brycen said...

These were very exciting announcements, particularly the ones in Russia and India.

As I was analyzing the Nicaragua stakes currently assigned to the Tegucigalpa Honduras Temple, I noticed that there are now 12 stakes up in the San Pedro Sula area, very close together. I would expect a second temple for Honduras to be announced very soon. I also think the Salta Argentina announcement makes the case for a temple in southern Argentina much stronger, either in Bahia Blanca or in Neuquen.

This was the first time in several years that new temple announcements have not included at least 1 in Africa. But I would agree that 1 or 2 more, including a second for Nigeria, seem likely to occur soon.

Though there are no new temples currently under construction in the US (not counting renovations and the restoration in Houston), we now have 4 new ones announced, with 2 in Utah, 1 in Idaho, and the one in Virginia. Super exciting. Also major operations will be starting soon for the one under construction in Canada.

I would also think an announcement for Mexico would be coming soon. Other than Tijuana, completed in 2015, the previous temple dedication there was in 2002. It did get a big rush of temples in the 1999-2001 period when President Hinckley doubled the number of temples in 3 years, pushing the number of temples there way ahead of the ones in Brazil, but I expect a new one near Mexico City could be really useful.

With these announcements, most of the countries that need one mostly because of huge distance concerns seem to be covered.

I have a big world map up on my wall with pins stuck into all the temple locations outside the US (and a second map for the US, with little printouts for Utah, and more to be added soon for places where the pins are so close I can't see the map - my landlord is going to hate the amount of spackle I'll have to put on my wall if I ever leave this apartment).

Looking at the world map, the only really big gaps left are in northern Africa and the Middle East and central Asia where the church doesn't really exist at all except in isolated groups and branches, also very low population areas near the poles such as Canada, Russia, the southern tip of South America, and Antarctica. The only remaining big gaps I could see being filled with an announcement in the next 5-10 years would be around Indonesia (either there or in Singapore), and possibly another in Eastern Europe, southern DR Congo, or in Mongolia.

Ohhappydane33 said...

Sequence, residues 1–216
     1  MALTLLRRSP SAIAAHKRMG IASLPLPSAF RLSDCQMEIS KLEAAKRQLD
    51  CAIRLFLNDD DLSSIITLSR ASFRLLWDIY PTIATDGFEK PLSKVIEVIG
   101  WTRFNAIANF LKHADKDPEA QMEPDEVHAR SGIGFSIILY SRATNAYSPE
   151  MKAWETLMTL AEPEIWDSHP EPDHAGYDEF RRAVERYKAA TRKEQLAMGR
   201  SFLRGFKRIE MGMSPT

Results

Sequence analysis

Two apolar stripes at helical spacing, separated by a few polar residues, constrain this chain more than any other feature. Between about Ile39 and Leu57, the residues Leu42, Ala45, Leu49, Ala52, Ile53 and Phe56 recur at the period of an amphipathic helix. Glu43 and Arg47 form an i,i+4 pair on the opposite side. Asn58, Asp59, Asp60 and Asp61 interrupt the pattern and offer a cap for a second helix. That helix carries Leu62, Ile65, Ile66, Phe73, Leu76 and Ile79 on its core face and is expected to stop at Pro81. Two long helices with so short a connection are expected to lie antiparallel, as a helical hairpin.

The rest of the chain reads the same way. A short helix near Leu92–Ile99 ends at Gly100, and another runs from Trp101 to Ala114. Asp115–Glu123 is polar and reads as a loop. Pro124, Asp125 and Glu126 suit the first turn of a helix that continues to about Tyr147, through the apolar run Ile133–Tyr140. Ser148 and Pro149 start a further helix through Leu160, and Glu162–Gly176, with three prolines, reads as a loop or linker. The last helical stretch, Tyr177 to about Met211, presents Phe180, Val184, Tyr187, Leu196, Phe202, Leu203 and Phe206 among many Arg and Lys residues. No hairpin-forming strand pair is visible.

Building a temple in Russia will definitely be a tall order anyway one looks at it. The Russian government has a clear record of being hostile toward the Church. Heck, the missionaries there are called "volunteers" and basically aren't allowed to proselyte. We will be lucky if it takes a couple of decades.

brycen said...

At one point I thought there would never be a temple in France or Italy because of legal issues - i.e. the government would not agree to have a building built if they couldn't send someone in to inspect it. This has obviously been resolved now (perhaps they have LDS members as inspectors, who knows) so it seems possible to have a resolution in Russia as well, whatever issues may exist. It will probably help that temples are not used for proselyting, and that we have a prophet and several apostles with a significant amount of time spent in Eastern Europe, including one who is native there (don't forget Elder Uchtdorf was actually born in the Czech Republic). Plus, do you think the Russian government wants their citizens to continue traveling to the temple in the Ukraine? I would think having one in their own country would appeal to their sense of national pride, if nothing else.

Tilliam said...

Unrelated question: Alexa.com has rankings on web traffic to specific sites and it breaks down the country of origin of site visitors. I happened to put lds.org in and saw the ranking of countries who make up the traffic to lds.org and the top hits are as expected - US, Mexico, Brazil, Philippines - but #4, ahead of the Philippines, is Angola. Anyone have ideas on to what that should be attributed?

John Pack Lambert said...

With the Abijan Ivory Coast temple not even yet seeing a ground breaking, moving forward on more announcements for temples in Africa may not have seen pressing. It will be 3 years to the day since the Abijan Temple was announced on Thursday. I have to admit I had thought it had been longer. I think the number of stakes in Ivory Coast has double during that time.

John Pack Lambert said...

My understanding is that the Guatemala Temple was built with full knowledge government policies made an outside incursion a threat, but leaders figured a disruptive incursion could be followed by a rededication.

Building a temple in France was helped by having a French general authority. Building a temple in Rome was in part directly at the request of a government official in a meeting where Elder Uchtdorf and Gordon Smith were seeking greater LDS Church recognition in the country.

John Pack Lambert said...

I hope the huge number of Angolans going to lds.org means soon we will see many in Angola being baptized. Having a native speaker of Portuguese who even served in the Africa South East Area Presidency as an apostle may well help the Church grow in Angola and Mozambique.

John Pack Lambert said...